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Few Voters Expected for Closed Republican Primary

Few Voters Expected for Closed Republican Primary

Posted - Jun. 22, 2004 at 3:52 p.m.



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SALT LAKE CITY (AP) -- With most of the races on Tuesday's primary election closed to all but registered Republicans, officials predicted relatively few eligible voters would turn out to choose between Jon Huntsman Jr. and Nolan Karras in the party gubernatorial race.

Huntsman was the strong favorite over Karras, a former Utah House Speaker and Board of Regents chairman. The winner will face Democrat Scott Matheson Jr., dean of the University of Utah law school and the son of Utah's last Democratic governor.

Other Republicans in the primary are 2nd Congressional District challengers John Swallow and Tim Bridgewater, who ran against each other two years ago. Once again, the winner will face two-term incumbent Jim Matheson, Scott Matheson's brother. In 2002, Matheson prevailed over Swallow by just 1,641 votes for a district that was redrawn to favor the GOP in Republican-heavy Utah.

In the 3rd Congressional District, Republican incumbent Chris Cannon was expected to triumph easily over challenger Matt Throckmorton in a race the U.S. Justice Department will monitor due to allegations of possible voter fraud.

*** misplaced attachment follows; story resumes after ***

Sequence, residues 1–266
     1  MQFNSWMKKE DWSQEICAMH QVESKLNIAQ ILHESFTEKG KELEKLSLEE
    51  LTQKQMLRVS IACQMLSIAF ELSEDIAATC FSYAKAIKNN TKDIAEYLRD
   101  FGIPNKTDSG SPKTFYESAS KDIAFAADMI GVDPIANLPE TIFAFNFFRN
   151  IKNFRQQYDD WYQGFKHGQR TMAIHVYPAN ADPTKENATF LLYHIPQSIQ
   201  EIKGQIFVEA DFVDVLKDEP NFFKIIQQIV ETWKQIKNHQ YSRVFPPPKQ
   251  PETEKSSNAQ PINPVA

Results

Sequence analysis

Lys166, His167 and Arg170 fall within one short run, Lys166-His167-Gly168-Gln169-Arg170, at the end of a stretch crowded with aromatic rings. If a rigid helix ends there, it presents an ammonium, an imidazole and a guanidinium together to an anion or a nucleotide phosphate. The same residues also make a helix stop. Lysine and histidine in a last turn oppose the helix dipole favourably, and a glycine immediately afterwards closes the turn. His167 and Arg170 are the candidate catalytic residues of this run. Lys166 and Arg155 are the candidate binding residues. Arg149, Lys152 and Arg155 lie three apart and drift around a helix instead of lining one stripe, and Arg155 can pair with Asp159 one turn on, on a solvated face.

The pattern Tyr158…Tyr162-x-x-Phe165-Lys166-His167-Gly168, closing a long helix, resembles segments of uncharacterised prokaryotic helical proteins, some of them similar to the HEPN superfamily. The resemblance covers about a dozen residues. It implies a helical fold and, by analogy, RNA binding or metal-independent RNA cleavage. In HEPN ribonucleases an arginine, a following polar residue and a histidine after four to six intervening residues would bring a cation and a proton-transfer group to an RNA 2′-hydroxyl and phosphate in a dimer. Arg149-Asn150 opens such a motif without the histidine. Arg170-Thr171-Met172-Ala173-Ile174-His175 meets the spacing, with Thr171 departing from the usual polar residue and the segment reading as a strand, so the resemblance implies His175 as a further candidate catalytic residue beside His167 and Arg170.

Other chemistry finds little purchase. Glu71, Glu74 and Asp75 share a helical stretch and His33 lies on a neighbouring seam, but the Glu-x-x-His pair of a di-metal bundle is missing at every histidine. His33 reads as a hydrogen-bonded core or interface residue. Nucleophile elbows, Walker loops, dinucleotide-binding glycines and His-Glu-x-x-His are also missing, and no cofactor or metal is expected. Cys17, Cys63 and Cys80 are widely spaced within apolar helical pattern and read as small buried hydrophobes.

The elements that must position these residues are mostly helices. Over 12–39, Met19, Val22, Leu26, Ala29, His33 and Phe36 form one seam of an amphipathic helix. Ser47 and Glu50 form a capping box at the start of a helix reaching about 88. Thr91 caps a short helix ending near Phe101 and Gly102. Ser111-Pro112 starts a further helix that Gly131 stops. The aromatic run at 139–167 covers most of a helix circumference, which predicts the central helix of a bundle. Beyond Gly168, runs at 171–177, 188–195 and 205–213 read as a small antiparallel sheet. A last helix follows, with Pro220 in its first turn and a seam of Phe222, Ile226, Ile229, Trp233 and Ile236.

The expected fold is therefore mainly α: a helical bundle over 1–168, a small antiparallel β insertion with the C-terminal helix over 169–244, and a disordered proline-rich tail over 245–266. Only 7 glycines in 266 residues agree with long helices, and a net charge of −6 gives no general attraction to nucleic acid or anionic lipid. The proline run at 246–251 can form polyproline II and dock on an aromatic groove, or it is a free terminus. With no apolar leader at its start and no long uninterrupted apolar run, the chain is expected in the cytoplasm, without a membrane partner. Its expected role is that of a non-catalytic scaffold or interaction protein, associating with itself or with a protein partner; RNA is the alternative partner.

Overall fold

Poll results published Monday in the Deseret Morning News of a survey by Dan Jones & Associates showed Huntsman leading Karras 57 percentage points to 18 points -- statistically unchanged from a similar survey a month ago.

Karras has long acknowledged the uphill battle against Huntsman's name recognition. Huntsman is the oldest child of entrepreneur Jon Huntsman, who amassed a fortune of more than $2 billion with a conglomerate of chemical companies that gained fame in the 1970s for inventing the clamshell container for the McDonald's "Big Mac" hamburger.

The newspaper's poll also showed Bridgewater and Swallow were in a statistical tie just before the election, with nearly a third of voters still undecided and 15 percent either favoring someone else or not planning to vote at all.

State elections director Amy Naccarato is predicting an 18 to 20 percent voter turnout for Tuesday's primary.

Immigration reform groups have campaigned against Cannon, distributing a transcript from a Spanish-language radio program in which they alleged Cannon and an aide encouraged illegal immigrants to vote and donate to Cannon's campaign, a claim Cannon spokesman has called "ridiculous."

Nevertheless, the U.S. Justice Department on Friday it would send attorneys to monitor Tuesday's primary.

Incumbent Republican U.S. Sen. Bob Bennett does not face a primary opponent before the general election. He is favored to win a third term in the fall.

Voters who are unaffiliated may cast Republican ballots if they sign allegiance to the GOP at the polls. Registered members of other parties are banned from voting in the partisan races.

(Copyright 2004 by The Associated Press. All Rights Reserved.)

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